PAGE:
Every now and then I like to lesson plan with other teachers. It’s a good way to hold yourself accountable. It’s also a great way to see the planning and working styles of other teachers. Me personally, I’m a backwards planner. I start with an exam and work my way down to unit and lesson plans from there. It’s actually the way I was taught.
One day I was working with a colleague who saw me begin a unit plan by reading some test items. Upon seeing this he remarked: “So you really do just teach to the test huh?”. Being a neophyte in the teaching profession I didn’t realize that he was implying this was bad.
Now that I am a veteran teacher I realize that “teaching to the test” has become a pejorative phrase in the teaching profession. But why?
Although this criticism has been around for a long time, the modern incarnation of the anti-teaching to the test movement emerges shortly after No Child Left Behind. An act by congress that placed far greater emphasis on standardized testing. Which in turn led to teachers spending more time drilling test items and leading rote memorization exercises… things that are colloquially referred to as teaching to the test.
Critics of this style of planning often point out that students are often unprepared for the real life application of the skills they are supposed to be learning. For example, a math teacher who notices most of the test items are typically written in number form may not invest class time in teaching students to solve word problems. Craig Jerald of Reading Rockets cites a study that highlights just this phenomenon:
“For example, one study found that in a district that relied heavily on item drilling, 83 percent of students selected the correct answer to a multiple-choice item written as “87 – 24 =.” However, only 66 percent could provide the correct answer to the open-ended item “Subtract 24 from 87.””
Criticisms of this style of teaching are well warranted and backed up by data. However, this often cited example is not how good teachers use assessments in practice. There is a difference between “teaching to the test” and attempting to teach the exact test. A good instructor knows that high quality summative or formative assessment can serve as a useful planning tool to illustrate goals and benchmarks for student academic success. Additionally, such exams help you check for understanding and measure progress along the way.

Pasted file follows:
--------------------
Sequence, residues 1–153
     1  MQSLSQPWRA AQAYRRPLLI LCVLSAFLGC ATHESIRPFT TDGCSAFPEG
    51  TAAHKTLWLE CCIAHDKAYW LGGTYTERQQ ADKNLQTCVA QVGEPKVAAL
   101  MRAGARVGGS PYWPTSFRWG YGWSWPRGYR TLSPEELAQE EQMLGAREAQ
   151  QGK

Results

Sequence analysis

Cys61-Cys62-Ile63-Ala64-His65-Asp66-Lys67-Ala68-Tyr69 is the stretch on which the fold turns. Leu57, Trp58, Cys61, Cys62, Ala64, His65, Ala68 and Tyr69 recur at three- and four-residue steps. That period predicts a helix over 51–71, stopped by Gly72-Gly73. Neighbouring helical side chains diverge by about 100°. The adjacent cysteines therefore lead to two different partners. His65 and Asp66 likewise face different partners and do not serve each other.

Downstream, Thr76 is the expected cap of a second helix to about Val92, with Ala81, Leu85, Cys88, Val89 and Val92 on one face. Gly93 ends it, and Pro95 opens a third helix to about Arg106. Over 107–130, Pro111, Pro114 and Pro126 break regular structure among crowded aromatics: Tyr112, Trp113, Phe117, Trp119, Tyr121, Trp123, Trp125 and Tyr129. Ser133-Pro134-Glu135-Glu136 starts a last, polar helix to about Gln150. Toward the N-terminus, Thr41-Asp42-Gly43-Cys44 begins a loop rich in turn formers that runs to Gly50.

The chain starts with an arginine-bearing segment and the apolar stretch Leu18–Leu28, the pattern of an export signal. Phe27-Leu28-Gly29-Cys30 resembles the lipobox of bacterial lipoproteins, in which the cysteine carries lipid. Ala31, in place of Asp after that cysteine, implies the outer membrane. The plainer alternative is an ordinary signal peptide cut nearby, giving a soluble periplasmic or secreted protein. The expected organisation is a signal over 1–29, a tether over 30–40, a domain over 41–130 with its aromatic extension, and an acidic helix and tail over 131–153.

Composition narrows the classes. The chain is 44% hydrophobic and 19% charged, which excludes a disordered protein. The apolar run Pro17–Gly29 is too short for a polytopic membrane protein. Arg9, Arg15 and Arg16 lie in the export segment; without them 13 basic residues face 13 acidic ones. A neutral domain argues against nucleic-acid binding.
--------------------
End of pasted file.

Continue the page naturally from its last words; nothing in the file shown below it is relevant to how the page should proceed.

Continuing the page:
This is called “backwards design” and it is a perfectly acceptable and proven method of planning. Proponents of this style would argue that it is more accurately defined as teaching “with” the test as opposed to teaching to it but that’s neither here nor there. The point is that there is nothing wrong with using a high-quality exam to inform instruction.
Now the key phrase here is “high quality”. The main problem you see around the country in regards to teaching to the test is that the tests suck. Far too often teachers are using some low-quality state standardized test instead of their own well-crafted exams or a proven rigorous assessment.
Even in the examples that critics use, it is abundantly clear that the main issue is with the exams teachers are using as opposed to the practice of using an exam itself. Take the study Craig Jerald cited: The fact that a teacher felt like they could get away with not teaching students how to answer open ended math problems really says more about the awful standardized test that district was using than the teacher. The test should be aligned to the actual things students are supposed to know how to do. If you use a test that isn’t aligned then you get students that are only prepared for a narrow subset of learning and assessment.
No, teachers should not spend every waking minute teaching students how to answer multiple choice questions. They shouldn’t replace word problems and group projects with process of elimination drills. However, teaching without the end goal in mind and engrained in your lesson plans isn’t necessarily the best thing either.
Teaching styles are diverse and that is probably a good thing. So let me start my plans with assessments in peace.
Andrew Pillow is an educator in Indianapolis. He published this post at Indy Education.